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Tackling the marine debris problem creates new opportunities in remote Australia

[by Bruce Andrews]

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Three generations of De Jersey family women from Mapoon, Cape York, QLD, with Dr Anwaar Ulhaq (inset). Image: supplied

Charles Sturt University artificial intelligence experts and behavioral scientists have joined with a leading plastics recycling organisation and First Nations community artists in remote Cape York to transform marine litter into valuable artworks.

A $400,000 Ghost Net Innovation Grant from Parks Australia received earlier this year enables Plastic Collective and Charles Sturt University to work with Wei’Num Aboriginal and Torres Strait Islander Arts and Craft Corporation to deliver specialised equipment to Mapoon and Napranum remote communities in the northwest Cape York region.

Senior Lecturer and deputy leader of Machine Vision and Digital Health in the Charles Sturt School of Computing, Mathematics, and Engineering Dr Anwaar Ulhaq is leading the project as the chief investigator.

Dr Ulhaq said the successful integration of a digital marketplace and innovative technologies such as AI will amplify the impact of this community-based project, simultaneously empowering both the community and the environment.

“Our project not only cleans the seas but empowers communities, embarking technology’s embrace for a brighter, greener tomorrow,” he said.

“This community-focused project is incredibly thrilling as it encompasses various elements, including empowering Indigenous communities and artists, conserving marine life (particularly turtles), cleaning our oceans, recycling plastic, and integrating innovations with AI and mobile software development. To me, it is a highly impactful project and has the potential to be a game-changer.”

Collaborating with Ms Louise Hardman, CEO of Plastic Collective, and partnering with Wei’ Num Arts in northwest Cape York, the project is co-designing an Ocean Arts program titled ‘Hunter Gatherers Mamas’.

The AI experts at Charles Sturt will use AI and digital platforms to develop a culturally appropriate marketplace for artists to enable the tracking of materials, as well as an international sales platform for people to purchase authentic and verifiable ghost gear art directly from the artist.

Plastic Collective fosters a network of remote community projects turning plastic waste into a recycling profit.

The program facilitates women in remote communities in Northern Australia to turn plastic pollution into a creative revenue opportunity. They are supported by a new online marketplace, tailored training, and essential repurposing equipment to produce artworks from fishing ‘ghost nets’ and marine debris.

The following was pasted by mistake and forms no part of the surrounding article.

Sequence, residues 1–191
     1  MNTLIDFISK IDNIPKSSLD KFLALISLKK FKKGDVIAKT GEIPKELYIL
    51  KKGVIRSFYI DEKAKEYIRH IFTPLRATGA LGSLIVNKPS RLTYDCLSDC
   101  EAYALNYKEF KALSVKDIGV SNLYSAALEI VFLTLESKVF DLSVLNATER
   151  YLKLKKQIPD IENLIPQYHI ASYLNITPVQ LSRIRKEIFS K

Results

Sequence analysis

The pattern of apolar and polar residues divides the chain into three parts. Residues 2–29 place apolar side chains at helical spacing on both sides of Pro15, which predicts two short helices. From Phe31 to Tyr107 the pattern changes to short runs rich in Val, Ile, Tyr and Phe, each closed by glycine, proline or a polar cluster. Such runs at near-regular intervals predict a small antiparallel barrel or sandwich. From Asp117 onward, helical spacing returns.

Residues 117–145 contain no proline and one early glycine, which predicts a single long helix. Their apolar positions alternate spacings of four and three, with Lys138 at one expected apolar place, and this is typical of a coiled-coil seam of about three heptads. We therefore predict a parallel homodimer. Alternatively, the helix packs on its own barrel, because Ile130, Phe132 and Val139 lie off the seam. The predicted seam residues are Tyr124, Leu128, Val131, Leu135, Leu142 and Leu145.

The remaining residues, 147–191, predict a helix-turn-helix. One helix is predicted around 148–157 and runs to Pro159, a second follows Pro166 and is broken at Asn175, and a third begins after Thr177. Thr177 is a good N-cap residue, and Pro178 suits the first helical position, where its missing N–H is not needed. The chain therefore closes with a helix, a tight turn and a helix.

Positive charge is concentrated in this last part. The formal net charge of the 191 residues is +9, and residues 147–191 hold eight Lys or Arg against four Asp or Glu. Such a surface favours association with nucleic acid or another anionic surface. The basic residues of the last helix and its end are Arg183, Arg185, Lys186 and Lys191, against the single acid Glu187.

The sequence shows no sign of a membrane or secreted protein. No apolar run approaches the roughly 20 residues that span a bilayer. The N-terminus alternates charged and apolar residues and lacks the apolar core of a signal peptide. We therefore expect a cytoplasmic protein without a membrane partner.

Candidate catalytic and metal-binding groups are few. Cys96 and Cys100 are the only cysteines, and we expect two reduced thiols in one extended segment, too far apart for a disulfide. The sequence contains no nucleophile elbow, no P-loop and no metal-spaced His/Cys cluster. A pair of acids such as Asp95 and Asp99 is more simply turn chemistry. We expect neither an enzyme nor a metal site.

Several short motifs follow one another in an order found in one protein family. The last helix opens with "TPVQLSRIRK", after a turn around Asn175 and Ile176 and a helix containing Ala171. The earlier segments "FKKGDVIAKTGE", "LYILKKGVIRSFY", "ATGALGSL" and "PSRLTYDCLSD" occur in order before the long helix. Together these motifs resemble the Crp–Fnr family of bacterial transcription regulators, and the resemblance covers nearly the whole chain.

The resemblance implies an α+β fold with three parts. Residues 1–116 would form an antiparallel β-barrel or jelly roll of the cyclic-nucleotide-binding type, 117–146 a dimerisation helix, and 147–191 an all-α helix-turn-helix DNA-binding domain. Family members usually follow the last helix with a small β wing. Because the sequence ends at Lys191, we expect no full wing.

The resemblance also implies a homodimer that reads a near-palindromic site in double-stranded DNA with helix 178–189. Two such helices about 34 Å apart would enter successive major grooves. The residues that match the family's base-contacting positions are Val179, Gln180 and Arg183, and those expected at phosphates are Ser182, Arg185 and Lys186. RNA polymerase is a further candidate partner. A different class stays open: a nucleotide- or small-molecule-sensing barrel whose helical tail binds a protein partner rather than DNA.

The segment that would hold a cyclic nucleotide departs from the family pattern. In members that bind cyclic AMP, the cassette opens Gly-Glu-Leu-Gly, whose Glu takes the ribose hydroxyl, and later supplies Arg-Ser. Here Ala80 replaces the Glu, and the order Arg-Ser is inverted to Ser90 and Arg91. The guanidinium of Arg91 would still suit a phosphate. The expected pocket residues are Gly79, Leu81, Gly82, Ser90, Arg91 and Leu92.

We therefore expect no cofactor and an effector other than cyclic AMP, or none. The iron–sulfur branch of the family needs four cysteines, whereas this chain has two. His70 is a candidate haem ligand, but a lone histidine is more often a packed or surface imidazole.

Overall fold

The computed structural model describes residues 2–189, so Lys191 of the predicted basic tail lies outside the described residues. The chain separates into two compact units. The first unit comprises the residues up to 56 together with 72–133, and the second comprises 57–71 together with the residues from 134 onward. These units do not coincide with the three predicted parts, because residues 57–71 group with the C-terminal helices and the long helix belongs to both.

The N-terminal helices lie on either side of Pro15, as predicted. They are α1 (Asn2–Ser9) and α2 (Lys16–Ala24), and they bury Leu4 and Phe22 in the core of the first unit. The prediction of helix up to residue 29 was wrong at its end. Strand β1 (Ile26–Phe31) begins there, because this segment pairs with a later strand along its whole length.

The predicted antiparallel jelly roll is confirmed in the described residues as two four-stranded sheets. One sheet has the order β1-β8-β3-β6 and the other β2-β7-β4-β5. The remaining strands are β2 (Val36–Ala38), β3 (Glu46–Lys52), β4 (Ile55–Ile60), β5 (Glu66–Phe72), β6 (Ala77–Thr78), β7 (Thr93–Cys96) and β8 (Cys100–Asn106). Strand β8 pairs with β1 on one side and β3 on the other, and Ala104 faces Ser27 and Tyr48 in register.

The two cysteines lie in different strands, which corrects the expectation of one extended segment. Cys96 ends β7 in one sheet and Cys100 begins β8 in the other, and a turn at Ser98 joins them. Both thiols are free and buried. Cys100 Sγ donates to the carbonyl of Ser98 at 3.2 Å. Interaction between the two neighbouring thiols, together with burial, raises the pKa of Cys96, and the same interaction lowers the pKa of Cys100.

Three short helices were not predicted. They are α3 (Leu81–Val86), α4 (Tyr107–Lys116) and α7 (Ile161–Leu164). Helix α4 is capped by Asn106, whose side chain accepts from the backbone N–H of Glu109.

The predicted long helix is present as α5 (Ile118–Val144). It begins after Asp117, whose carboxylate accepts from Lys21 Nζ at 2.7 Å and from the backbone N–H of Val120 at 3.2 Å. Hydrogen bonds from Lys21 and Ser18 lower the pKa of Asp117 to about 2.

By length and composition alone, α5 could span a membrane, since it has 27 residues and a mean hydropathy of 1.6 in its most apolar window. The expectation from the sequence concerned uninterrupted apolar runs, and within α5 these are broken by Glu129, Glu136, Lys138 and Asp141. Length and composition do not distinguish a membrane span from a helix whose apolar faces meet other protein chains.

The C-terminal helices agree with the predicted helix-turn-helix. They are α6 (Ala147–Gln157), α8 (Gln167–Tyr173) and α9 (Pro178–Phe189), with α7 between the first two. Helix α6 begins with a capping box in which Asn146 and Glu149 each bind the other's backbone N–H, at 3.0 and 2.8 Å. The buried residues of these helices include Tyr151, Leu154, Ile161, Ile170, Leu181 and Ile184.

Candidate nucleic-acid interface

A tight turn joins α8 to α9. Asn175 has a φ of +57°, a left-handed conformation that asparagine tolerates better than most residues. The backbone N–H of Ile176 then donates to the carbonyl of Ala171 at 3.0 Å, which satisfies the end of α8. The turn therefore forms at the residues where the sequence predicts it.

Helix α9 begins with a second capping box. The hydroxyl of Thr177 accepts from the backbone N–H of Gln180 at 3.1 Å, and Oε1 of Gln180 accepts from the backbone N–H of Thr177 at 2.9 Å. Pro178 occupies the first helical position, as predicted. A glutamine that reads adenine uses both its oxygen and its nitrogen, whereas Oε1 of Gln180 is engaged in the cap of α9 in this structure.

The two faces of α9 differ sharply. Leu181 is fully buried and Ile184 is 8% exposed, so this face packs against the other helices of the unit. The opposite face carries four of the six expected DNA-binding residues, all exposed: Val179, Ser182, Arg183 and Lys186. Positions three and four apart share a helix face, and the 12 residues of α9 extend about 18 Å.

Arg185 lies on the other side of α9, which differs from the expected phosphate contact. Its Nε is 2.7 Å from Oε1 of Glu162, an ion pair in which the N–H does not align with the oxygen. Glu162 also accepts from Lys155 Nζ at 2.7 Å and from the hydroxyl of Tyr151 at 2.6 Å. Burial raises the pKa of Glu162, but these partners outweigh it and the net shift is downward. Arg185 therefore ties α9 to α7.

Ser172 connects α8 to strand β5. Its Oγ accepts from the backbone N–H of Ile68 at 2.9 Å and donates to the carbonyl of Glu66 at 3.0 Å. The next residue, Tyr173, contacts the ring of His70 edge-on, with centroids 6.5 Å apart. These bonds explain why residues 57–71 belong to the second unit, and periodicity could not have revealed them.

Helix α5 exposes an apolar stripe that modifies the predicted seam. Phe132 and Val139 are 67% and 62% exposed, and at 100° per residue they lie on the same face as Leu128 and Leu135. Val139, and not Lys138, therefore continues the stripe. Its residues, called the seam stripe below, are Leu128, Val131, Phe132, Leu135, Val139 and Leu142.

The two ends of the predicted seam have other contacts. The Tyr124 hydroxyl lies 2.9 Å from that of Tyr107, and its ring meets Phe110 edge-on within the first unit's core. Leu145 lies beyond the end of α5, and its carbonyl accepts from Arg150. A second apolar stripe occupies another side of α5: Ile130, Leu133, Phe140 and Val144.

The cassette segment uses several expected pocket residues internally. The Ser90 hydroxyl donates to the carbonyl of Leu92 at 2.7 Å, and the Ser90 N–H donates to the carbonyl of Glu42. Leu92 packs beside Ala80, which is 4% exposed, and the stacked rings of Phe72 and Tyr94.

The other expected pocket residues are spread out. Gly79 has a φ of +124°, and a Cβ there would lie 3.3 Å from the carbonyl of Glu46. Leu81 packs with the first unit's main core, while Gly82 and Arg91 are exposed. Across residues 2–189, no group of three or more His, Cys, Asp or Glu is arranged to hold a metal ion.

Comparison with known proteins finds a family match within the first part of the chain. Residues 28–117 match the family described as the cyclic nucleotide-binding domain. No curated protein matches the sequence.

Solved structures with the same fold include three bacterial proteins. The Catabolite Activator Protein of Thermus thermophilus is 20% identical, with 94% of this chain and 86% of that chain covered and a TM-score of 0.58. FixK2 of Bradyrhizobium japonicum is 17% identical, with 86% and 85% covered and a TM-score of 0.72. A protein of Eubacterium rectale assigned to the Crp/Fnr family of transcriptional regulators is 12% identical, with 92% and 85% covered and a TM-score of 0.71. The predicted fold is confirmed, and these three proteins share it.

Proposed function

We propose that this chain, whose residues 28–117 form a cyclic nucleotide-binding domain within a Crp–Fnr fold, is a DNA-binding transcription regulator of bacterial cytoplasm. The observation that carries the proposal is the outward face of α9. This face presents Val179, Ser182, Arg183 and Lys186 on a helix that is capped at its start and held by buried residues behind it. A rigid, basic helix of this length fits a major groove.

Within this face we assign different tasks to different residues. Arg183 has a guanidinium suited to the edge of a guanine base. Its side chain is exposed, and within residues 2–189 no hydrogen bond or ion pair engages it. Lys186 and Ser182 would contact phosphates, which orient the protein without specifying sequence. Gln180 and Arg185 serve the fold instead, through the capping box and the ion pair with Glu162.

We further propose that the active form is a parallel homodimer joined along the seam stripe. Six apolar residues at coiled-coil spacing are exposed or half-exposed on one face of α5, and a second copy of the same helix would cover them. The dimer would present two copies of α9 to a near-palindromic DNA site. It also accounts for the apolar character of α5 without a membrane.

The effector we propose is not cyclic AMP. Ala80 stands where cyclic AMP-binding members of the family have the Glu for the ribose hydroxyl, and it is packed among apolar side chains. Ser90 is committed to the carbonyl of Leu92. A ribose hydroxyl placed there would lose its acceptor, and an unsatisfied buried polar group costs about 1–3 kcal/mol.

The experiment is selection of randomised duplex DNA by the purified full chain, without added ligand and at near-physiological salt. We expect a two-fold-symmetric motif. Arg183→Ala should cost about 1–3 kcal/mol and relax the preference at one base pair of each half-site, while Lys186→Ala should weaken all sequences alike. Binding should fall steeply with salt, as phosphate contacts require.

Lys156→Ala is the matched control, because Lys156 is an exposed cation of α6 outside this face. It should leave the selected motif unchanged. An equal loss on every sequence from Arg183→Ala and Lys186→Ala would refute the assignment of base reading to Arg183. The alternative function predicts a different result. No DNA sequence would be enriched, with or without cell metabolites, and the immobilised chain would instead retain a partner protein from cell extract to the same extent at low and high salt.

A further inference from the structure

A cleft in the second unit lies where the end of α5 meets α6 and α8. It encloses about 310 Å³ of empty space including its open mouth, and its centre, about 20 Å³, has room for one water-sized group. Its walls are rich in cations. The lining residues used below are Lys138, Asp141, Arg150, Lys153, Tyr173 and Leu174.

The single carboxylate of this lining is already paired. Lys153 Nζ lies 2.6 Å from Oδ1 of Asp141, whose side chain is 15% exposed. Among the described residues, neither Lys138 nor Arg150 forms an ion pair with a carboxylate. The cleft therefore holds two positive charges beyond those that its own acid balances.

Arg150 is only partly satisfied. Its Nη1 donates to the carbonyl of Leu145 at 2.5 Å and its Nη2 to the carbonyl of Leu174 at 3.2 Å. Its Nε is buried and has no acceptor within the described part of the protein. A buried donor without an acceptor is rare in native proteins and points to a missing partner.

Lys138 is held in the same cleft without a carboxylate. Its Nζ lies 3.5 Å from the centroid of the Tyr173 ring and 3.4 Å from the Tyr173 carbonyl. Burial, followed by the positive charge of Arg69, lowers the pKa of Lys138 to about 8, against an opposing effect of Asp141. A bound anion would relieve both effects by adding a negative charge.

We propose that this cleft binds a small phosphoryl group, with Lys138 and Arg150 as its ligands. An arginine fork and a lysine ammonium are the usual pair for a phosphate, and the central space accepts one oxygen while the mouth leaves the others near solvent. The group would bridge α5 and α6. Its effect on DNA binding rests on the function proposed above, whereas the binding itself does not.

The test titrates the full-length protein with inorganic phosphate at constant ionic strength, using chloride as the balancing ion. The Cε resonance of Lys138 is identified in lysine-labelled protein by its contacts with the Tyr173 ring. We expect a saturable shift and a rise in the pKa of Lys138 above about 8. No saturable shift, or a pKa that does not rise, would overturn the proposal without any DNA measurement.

The project will also deliver a co-designed digital marketplace app to sell their products directly to the wider public and assess the social impact of the project over two years.

Ms Hardman said, “Providing a grass-roots approach to empowering remote communities to turn waste plastic into valuable resources, is a proactive solution to addressing the plastic problem and providing gainful employment.

“This program will empower Indigenous women artists, providing income for them and their families, as well as supporting coastal clean-ups and reducing landfill which causes soil, air and water pollution.

“In the longer term, this pilot program will also be easily replicable and available for other remote communities as a marketplace for repurposed ocean artworks.”

Manager of Wei’Num Arts Mr Kevin White said, “Wei’Num Arts and Crafts is very pleased to work with, and support Plastic Collective and Charles Sturt University, who were awarded a grant in early 2023 to help and advise Wei’Num Arts and the Mapoon community to use ghost nets and marine debris as a resource for high quality artwork, repurposed items, and other saleable items”.

Essential educational and training programs in recovery, repurposing and recycling of marine debris will be provided to local Indigenous Land and Sea Rangers, who collect marine debris along remote coastal beaches, as well as the women artists to create and sell products made from up to 70 per cent of the ghost gear and marine debris.

Western Cape York coastlines have one of the highest concentrations of marine debris and ghost nets in Australia where discarded coastal and fishing gear flow down on currents from surrounding countries.

Indigenous Land and Sea Ranger groups and environmental clean-up groups regularly remove marine debris from the remote beaches, which are important marine turtle nesting sites.

Materials recovered will be sorted and categorised for Reuse Items and Repurposed Arts, which represents an estimated 50 per cent of collections.

Training programs in these remote communities have commenced in material identification, sorting and processing materials to recover the highest value for income generation.

Plastic Collective is working with expert marine debris artists including Sue Ryan (Ghost Net Art, Atherton), Lynette Griffiths (Ghost Net Collective, Cairns), Zoe De Jersey (Wei’ Num Arts, Mapoon) and Erin Smith (Ocean Sole, Nairobi, Kenya).

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